Physiologic Imaging of the Spine

Jad G. Khalil, Ahmad Nassr, Timothy Maus

Research output: Contribution to journalReview article

6 Citations (Scopus)

Abstract

Spine imaging poses unique challenges to radiologist and clinician. The dynamic nature of the spine and its mobility across multiple segments is difficult to depict with any single imaging modality. Supine imaging fails to demonstrate the physiologic effects seen with axial load, physiologic posture or positional change. Physiologic imaging begins with standing radiographs. Advanced techniques include axial loading devices on conventional CT or MRI, dynamic (upright) MRI and stereoradiography (EOS). These techniques may unmask dynamic pathology that otherwise would be hidden on conventional supine imaging. Caution must be exercised where such techniques (upright MRI) reduce sensitivity to sinister disease.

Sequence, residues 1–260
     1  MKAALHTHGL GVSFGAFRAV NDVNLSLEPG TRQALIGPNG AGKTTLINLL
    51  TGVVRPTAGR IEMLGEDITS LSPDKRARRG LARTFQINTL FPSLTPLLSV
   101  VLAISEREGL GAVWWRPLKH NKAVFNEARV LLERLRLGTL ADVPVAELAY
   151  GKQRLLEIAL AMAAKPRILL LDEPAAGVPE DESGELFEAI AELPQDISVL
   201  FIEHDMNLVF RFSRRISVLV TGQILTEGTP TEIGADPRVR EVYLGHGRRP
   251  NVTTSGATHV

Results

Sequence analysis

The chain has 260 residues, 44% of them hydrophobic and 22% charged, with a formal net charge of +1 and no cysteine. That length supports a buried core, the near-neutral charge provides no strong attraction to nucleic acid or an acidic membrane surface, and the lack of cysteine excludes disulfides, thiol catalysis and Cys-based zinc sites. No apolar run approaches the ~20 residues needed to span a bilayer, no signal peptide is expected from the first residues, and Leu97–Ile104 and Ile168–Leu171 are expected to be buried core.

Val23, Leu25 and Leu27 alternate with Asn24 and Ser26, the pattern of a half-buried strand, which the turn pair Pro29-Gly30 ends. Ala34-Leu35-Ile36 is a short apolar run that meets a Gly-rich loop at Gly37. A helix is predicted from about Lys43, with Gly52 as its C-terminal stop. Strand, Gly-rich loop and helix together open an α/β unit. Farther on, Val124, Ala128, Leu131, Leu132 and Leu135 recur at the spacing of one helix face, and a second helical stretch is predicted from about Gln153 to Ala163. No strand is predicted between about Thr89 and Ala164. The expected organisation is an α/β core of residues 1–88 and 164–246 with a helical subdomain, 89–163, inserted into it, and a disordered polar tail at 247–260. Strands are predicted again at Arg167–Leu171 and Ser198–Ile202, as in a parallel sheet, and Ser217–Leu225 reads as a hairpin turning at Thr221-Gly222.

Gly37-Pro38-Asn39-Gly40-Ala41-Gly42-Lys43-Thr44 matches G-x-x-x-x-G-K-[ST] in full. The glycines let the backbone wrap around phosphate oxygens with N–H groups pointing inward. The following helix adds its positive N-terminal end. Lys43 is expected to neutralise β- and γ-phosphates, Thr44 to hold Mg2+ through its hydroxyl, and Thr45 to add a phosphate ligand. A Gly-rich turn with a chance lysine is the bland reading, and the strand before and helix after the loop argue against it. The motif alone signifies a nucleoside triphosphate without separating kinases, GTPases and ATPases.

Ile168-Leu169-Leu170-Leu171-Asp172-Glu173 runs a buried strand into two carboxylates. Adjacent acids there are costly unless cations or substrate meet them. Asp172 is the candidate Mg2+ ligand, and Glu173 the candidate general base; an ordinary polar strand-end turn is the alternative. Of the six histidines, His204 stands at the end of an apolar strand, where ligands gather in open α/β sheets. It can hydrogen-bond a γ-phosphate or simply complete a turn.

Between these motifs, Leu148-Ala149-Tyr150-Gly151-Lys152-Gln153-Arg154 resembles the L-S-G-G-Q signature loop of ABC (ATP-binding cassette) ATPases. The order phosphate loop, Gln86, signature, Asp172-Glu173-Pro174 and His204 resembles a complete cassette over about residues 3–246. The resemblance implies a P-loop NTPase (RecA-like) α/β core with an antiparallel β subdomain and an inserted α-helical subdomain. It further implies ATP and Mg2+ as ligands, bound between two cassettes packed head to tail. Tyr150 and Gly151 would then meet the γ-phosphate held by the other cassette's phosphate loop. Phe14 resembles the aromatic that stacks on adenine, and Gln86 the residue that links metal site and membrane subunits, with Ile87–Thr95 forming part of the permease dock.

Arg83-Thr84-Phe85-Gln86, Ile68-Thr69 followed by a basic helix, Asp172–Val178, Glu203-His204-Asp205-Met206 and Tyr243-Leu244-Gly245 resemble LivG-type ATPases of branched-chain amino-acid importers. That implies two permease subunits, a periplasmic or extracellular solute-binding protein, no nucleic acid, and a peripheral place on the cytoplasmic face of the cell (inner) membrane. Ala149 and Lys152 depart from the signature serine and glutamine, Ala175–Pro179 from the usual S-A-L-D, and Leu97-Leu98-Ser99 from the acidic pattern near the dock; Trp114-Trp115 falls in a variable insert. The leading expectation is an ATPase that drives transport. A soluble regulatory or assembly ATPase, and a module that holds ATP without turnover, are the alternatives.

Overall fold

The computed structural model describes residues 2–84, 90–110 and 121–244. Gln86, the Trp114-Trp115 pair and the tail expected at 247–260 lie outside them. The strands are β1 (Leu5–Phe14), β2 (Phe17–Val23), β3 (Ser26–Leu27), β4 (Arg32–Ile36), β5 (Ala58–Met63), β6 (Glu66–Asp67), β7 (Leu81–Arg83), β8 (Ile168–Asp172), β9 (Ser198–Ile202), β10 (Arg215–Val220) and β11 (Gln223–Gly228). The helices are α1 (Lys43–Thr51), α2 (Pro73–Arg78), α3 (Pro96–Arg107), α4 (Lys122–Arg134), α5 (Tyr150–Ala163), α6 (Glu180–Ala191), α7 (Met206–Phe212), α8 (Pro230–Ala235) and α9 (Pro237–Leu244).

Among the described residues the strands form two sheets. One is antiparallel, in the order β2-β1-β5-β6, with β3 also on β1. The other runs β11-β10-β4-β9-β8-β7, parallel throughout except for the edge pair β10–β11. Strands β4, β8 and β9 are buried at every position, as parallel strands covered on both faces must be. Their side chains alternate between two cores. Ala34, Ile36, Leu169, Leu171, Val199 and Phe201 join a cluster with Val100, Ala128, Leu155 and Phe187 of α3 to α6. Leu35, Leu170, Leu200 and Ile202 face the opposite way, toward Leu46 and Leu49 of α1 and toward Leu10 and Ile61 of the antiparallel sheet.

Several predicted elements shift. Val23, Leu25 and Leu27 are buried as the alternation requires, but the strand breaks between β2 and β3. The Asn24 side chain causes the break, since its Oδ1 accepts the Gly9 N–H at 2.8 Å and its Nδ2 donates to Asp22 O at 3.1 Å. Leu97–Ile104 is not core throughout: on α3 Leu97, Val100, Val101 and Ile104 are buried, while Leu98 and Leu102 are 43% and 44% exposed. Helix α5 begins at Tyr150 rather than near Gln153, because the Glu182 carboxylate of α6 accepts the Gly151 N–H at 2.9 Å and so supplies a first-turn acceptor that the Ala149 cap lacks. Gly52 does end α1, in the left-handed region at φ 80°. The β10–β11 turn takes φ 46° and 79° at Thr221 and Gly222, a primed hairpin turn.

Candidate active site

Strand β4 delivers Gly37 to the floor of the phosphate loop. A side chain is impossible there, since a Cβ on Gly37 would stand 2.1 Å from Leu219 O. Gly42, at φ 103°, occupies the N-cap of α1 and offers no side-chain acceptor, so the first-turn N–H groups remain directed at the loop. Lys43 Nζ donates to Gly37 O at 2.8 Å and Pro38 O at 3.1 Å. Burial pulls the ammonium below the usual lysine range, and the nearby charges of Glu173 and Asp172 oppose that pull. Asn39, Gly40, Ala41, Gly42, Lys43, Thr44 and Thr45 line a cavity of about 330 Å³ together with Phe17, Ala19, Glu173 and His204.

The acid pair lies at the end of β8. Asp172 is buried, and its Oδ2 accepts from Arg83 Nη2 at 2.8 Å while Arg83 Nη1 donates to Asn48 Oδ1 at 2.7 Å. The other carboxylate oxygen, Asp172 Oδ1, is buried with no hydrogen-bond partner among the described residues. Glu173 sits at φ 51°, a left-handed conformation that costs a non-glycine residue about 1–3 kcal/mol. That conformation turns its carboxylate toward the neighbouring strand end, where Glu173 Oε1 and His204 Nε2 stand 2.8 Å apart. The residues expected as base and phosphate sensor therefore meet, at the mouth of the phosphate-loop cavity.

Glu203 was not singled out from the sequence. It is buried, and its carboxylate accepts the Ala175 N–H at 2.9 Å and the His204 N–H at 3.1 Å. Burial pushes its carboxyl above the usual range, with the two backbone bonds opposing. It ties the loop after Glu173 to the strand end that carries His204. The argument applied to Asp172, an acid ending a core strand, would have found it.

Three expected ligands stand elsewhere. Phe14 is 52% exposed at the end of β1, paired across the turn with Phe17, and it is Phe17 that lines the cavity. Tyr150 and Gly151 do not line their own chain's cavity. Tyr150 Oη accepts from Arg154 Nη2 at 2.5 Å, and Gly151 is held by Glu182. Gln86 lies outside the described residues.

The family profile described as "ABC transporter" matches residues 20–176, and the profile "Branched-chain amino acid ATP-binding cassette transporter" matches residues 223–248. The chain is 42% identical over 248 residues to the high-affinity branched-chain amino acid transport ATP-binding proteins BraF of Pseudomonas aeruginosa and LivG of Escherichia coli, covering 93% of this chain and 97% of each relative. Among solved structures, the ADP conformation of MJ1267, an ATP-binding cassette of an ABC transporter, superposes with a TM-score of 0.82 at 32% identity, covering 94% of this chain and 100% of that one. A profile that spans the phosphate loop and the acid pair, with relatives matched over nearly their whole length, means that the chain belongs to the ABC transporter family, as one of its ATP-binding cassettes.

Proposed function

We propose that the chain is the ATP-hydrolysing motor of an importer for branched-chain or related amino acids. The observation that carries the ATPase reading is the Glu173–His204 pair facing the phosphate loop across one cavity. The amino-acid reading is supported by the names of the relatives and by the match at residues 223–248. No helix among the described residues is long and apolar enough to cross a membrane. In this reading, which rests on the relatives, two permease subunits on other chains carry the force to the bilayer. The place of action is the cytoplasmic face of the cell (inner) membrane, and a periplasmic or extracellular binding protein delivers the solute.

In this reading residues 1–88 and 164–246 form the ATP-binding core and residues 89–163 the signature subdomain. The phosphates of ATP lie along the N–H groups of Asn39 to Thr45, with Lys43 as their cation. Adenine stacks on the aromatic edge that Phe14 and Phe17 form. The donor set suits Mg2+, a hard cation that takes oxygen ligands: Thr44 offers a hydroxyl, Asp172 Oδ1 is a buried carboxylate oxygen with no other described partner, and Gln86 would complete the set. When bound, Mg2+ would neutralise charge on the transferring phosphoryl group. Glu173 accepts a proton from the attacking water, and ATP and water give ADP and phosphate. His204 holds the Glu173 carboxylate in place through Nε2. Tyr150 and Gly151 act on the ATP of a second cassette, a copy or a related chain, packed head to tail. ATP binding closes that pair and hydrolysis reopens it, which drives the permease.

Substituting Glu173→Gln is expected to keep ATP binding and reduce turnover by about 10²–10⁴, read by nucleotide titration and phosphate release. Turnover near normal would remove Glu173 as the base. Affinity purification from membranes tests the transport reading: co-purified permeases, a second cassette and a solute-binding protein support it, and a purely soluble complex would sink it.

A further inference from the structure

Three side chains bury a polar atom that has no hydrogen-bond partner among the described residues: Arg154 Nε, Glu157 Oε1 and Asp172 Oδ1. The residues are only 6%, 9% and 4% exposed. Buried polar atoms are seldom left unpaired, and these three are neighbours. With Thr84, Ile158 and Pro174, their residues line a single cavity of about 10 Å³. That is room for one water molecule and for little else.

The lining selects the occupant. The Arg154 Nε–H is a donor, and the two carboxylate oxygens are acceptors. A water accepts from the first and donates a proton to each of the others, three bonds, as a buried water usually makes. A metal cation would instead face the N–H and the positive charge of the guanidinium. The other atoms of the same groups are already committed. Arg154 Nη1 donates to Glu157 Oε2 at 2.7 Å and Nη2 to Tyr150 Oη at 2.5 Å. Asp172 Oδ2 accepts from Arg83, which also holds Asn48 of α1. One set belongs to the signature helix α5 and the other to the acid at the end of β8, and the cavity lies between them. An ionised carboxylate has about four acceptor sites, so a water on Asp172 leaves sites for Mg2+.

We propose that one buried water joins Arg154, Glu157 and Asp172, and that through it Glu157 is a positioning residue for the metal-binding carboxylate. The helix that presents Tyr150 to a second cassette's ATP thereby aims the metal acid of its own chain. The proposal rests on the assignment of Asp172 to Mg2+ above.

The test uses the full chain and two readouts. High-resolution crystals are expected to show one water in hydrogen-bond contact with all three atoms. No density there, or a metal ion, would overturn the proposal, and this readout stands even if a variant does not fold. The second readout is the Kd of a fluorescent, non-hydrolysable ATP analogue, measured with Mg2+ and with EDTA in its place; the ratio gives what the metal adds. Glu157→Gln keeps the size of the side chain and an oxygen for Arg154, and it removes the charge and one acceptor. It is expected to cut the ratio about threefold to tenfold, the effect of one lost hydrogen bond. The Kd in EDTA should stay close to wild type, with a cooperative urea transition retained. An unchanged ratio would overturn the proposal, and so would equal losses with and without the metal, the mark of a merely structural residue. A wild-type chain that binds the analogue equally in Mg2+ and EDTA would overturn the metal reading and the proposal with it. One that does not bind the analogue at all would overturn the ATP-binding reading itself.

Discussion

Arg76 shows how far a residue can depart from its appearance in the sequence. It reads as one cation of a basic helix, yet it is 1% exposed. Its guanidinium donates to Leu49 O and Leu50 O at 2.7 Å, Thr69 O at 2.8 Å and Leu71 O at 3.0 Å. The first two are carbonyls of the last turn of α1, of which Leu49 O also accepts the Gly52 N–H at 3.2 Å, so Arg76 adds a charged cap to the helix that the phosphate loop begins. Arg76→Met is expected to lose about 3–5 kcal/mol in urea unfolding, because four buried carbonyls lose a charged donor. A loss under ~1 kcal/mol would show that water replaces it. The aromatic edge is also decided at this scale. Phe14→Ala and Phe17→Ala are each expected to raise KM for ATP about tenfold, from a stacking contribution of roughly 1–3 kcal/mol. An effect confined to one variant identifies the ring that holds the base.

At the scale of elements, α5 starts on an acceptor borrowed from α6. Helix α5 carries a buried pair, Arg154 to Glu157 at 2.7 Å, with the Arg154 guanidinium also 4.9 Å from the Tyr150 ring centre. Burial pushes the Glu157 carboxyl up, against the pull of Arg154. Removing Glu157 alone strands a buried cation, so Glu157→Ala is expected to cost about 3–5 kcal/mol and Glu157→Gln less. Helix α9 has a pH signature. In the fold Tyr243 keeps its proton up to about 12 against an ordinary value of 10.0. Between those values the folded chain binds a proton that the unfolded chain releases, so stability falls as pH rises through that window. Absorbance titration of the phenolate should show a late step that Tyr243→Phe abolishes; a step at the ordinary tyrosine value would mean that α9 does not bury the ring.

Original languageEnglish (US)
Pages (from-to)599-611
Number of pages13
JournalRadiologic Clinics of North America
Volume50
Issue number4
DOIs
StatePublished - Jul 1 2012

Fingerprint

Spine
Weight-Bearing
Posture
Pathology
Equipment and Supplies
Radiologists

Keywords

  • Dynamic imaging
  • EOS
  • Lumbar stenosis
  • Physiologic imaging
  • Radiculopathy
  • Spine
  • Upright MRI

ASJC Scopus subject areas

  • Radiology Nuclear Medicine and imaging

Cite this

Physiologic Imaging of the Spine. / Khalil, Jad G.; Nassr, Ahmad; Maus, Timothy.

In: Radiologic Clinics of North America, Vol. 50, No. 4, 01.07.2012, p. 599-611.

Research output: Contribution to journalReview article

Khalil, Jad G. ; Nassr, Ahmad ; Maus, Timothy. / Physiologic Imaging of the Spine. In: Radiologic Clinics of North America. 2012 ; Vol. 50, No. 4. pp. 599-611.
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